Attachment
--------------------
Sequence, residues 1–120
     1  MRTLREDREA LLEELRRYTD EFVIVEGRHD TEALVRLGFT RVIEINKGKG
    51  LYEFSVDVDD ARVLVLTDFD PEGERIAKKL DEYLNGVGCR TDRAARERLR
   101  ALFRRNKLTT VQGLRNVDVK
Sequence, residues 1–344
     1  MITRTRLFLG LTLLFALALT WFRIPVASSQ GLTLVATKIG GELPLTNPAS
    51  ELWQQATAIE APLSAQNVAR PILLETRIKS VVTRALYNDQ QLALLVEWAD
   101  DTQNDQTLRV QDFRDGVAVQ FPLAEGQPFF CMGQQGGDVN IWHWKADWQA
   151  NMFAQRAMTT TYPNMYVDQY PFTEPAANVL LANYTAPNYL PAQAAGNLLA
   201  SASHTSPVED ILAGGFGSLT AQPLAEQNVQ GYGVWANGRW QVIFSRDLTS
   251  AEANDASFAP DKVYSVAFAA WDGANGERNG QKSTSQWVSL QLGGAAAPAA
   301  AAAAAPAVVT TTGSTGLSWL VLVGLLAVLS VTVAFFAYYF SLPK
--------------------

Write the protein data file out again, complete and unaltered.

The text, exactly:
Sequence, residues 1–120
     1  MRTLREDREA LLEELRRYTD EFVIVEGRHD TEALVRLGFT RVIEINKGKG
    51  LYEFSVDVDD ARVLVLTDFD PEGERIAKKL DEYLNGVGCR TDRAARERLR
   101  ALFRRNKLTT VQGLRNVDVK
Sequence, residues 1–344
     1  MITRTRLFLG LTLLFALALT WFRIPVASSQ GLTLVATKIG GELPLTNPAS
    51  ELWQQATAIE APLSAQNVAR PILLETRIKS VVTRALYNDQ QLALLVEWAD
   101  DTQNDQTLRV QDFRDGVAVQ FPLAEGQPFF CMGQQGGDVN IWHWKADWQA
   151  NMFAQRAMTT TYPNMYVDQY PFTEPAANVL LANYTAPNYL PAQAAGNLLA
   201  SASHTSPVED ILAGGFGSLT AQPLAEQNVQ GYGVWANGRW QVIFSRDLTS
   251  AEANDASFAP DKVYSVAFAA WDGANGERNG QKSTSQWVSL QLGGAAAPAA
   301  AAAAAPAVVT TTGSTGLSWL VLVGLLAVLS VTVAFFAYYF SLPK